Mapping madness

There is an abundance of tools for creating visual “maps” of “knowledge.” The sheer number of tools available for this purpose indicates a strong need for such applications.

Categories of semantic mapping tools

The site “Software for mindmapping and information organization” at http://www.mind-mapping.org/ [Note the hyphen.] — which lists hundreds of applications — implies that nearly everyone with a computer, a whiteboard, or a large blank sheet of paper feels compelled to use circles and arrows to deconstruct, organize, explain, or remember the ideas most critical to him or her.

In January of 2018, I discovered a new resource: InformationTamers.com — which appears to be work of Roy Grubb, also the current owner of mind-mapping.org. Grubb offers a very different categorization than you will find here.

  • Outliners evolved from a paper model for rhetorical organization of documents into a computer tool not long after desktop computers arrived. Some add linking from node-to-node across hierarchies.
    • Hierarchies form the core of the Insight-Centric Knowledge Model — just as they do for some other forms of knowledge representation, including computer ontologies.
    • TheBrain does have an outline viewing mode — which is helpful at times — but does not offer the ease of building and changing outlines that one finds in TreePad and some other products.
    • FreeMind is an excellent freeware/open source outliner with limited linking across subhierarchies, but (in my opinon) its outline-manipulation features are not very fluid and the cross-linking features are not very helpful. Like many “mind-mapping” applications (See below.), FreeMind organizes nodes radially from a top node into subhierarchies.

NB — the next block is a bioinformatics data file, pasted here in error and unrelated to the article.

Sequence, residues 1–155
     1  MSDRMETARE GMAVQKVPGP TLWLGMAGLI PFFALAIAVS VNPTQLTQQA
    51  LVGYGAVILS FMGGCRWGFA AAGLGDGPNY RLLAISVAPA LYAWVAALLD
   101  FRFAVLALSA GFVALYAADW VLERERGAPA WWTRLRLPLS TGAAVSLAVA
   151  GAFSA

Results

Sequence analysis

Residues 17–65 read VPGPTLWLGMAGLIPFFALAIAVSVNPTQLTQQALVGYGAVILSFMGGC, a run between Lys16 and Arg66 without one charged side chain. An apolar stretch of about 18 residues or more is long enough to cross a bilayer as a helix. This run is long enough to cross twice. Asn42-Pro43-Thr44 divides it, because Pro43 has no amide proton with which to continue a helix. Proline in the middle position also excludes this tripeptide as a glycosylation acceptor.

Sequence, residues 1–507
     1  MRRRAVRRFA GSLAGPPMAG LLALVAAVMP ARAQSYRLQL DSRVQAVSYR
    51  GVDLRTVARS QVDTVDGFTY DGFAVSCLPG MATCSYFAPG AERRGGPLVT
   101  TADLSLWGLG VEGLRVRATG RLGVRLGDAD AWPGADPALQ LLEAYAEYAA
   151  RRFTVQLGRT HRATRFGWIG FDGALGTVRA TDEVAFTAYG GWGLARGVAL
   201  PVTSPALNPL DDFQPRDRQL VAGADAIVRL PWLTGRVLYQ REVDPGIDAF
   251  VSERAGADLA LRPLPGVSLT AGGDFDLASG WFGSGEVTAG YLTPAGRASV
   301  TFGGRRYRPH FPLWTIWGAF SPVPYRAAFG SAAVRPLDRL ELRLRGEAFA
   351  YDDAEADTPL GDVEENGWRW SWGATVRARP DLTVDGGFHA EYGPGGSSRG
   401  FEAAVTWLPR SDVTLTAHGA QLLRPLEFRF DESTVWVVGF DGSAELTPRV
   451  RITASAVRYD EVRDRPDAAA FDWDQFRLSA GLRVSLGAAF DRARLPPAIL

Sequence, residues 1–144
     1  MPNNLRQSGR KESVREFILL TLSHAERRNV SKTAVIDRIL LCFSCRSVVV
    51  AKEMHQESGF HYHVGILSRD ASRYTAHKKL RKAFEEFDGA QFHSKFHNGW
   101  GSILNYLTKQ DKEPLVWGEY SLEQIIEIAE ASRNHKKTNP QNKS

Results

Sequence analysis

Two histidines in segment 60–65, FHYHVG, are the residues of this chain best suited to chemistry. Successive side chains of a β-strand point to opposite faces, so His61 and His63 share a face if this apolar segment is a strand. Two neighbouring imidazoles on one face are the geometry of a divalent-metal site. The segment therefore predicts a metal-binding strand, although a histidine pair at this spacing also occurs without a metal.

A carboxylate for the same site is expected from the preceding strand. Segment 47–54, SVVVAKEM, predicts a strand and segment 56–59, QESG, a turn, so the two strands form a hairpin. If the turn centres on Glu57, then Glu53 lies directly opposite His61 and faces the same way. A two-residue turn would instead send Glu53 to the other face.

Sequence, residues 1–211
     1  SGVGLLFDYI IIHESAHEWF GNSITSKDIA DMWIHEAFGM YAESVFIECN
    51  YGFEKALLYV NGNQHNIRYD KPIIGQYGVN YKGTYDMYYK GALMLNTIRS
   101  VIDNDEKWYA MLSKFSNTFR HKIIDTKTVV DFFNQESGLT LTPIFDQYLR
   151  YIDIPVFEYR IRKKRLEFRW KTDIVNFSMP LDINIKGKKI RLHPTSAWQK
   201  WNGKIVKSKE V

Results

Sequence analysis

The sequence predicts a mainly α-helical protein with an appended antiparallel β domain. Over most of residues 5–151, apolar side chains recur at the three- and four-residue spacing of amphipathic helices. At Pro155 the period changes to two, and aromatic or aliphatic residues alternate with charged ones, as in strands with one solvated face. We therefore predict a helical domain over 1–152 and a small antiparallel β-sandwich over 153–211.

• In most concept-mapping software, nodes (also referred to as “circles” or “bubbles”) and arrows (also “edges”and “arcs”) are the primary tools for representing the relationships among ideas and terms. Common explanations of concept mapping include:
  • Mind maps are, by definition, a graphical method of taking notes.(http://en.wikipedia.org/wiki/Mind_map ) [Comment: “Notes” recorded in this way are usually Insights (in my terminology) — sometimes connected by explicit relationships.]
  • Semantic network applications can be traced back to the 1950s. The Free Dictionary defines semantic network as “A graph consisting of nodes that represent physical or conceptual objects and arcs that describe the relationship between the nodes, resulting in something like a data flow diagram.” John Sowa describes the technique as “a graphic notation for representing knowledge in patterns of interconnected nodes and arcs.” Semantic networks strongly influenced many of the products in the prior categories, but few vendors apply this label to their own products these days.
  • Knowledge mapping, more often than not, refers to an organization’s efforts to locate and connect the information most vital to its operations. But use of the term is not consistent.
  • [added 26-Jan-2018] Text zooming — of which iMapping may be the best (or only?) current example — visualizes subordination by displaying smaller blocks of text within the current block of text in a grid-like arrangement. You can zoom down into the smaller (subordinate) blocks and zoom out as desired. I just made this category up and I’m not happy with the name, but products like iMapping are very different from most “circles and arrows” approaches. See also, Plectica and TreeSheets.
  • Those more concerned with formal representations of knowledge turn invariably to ontology visualization tools .